Preparing Horses for a Companion’s Departure

A reader seeks advice for introducing a new companion to her horse after his pasturemate’s death.
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Preparing Horses for a Companion
A new companion horse can make the departure of an older pasture buddy less stressful. | Photo Credit: Wikimedia Commons/Tsungam
Q. We have two geldings that have been retired together in the same pasture for 12 years and are very tightly bonded. The older one is in his mid-30s, but looks and acts like a much younger horse. The other one is only 22, but was retired for various injuries, and he’s been gradually failing. Winters have been hard on him, and this year he didn’t really pick up condition over the summer. In fact, he’s continued going downhill. We’ve decided it’s time to make a plan for putting him down before winter.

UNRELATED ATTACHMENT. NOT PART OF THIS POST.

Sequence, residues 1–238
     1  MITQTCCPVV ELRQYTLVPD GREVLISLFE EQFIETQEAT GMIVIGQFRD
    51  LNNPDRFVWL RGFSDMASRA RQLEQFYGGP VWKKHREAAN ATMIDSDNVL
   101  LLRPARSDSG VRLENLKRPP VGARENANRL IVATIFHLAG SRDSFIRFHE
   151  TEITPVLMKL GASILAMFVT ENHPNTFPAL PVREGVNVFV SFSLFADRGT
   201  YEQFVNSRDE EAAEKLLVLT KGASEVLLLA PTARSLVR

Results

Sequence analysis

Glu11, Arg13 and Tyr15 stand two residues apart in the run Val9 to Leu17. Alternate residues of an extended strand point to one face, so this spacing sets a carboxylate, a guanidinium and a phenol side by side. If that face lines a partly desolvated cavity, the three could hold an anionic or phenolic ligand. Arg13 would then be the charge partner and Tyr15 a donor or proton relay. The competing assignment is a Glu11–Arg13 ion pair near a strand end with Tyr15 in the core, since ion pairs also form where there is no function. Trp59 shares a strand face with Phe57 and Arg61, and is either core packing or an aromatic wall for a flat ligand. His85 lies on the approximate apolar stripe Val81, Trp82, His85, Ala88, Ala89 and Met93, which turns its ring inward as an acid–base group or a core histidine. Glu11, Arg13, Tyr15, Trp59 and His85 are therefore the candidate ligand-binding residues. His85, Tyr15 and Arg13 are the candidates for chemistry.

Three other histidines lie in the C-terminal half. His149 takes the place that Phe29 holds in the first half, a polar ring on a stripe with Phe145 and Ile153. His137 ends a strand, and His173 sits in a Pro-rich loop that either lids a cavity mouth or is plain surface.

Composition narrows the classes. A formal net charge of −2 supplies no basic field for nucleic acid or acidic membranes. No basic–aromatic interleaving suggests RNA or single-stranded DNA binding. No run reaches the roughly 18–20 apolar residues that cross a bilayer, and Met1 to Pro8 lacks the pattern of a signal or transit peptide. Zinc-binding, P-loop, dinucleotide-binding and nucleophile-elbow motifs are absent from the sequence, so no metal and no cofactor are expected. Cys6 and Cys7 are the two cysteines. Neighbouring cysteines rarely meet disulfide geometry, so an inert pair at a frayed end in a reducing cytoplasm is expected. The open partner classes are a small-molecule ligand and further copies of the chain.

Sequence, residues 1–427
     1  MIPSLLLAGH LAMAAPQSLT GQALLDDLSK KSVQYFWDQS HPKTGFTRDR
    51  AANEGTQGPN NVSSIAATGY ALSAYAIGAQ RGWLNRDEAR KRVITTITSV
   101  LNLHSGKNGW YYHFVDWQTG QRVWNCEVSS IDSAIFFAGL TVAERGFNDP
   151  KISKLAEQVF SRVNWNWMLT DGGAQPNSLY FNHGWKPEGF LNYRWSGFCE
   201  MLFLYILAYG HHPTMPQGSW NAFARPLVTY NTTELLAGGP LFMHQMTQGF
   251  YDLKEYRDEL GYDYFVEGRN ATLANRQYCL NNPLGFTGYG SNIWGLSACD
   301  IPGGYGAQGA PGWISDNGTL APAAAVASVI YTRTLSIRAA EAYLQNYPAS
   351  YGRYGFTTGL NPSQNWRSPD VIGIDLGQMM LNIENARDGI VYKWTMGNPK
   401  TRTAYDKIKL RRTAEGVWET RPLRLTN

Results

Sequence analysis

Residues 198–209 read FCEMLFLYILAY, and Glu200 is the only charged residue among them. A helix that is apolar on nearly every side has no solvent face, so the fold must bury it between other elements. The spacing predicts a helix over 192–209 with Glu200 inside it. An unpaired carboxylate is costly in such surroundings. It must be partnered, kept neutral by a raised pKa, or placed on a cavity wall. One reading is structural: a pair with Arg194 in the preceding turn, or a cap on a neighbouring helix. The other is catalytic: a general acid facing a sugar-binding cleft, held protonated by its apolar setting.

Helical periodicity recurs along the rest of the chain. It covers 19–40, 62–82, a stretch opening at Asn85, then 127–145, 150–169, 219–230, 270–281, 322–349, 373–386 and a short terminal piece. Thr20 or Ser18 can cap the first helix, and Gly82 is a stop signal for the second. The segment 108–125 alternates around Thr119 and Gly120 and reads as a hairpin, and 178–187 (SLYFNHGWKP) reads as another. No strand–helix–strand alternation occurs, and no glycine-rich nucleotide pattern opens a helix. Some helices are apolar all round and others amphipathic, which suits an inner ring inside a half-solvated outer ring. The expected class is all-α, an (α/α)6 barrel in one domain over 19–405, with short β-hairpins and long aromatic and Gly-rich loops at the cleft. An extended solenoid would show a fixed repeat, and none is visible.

We’re thinking the old guy will be pretty stressed when his forever buddy leaves, so we have arranged to borrow a late teens gelding to be his companion. When and how would be best to introduce the new companion—before or after the 22-year-old departs?

We have two pastures with a laneway between them. The loaner could come now and stay across the laneway where they all could see each other. As soon as they seem to be getting along, the loaner could be moved over with the others, or we could wait until after our younger guy departs

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Sue M. McDonnell, PhD, is a certified applied animal behaviorist and the founding head of the equine behavior program at the University of Pennsylvania’s School of Veterinary Medicine. She is also the author of numerous books and articles about horse behavior and management.

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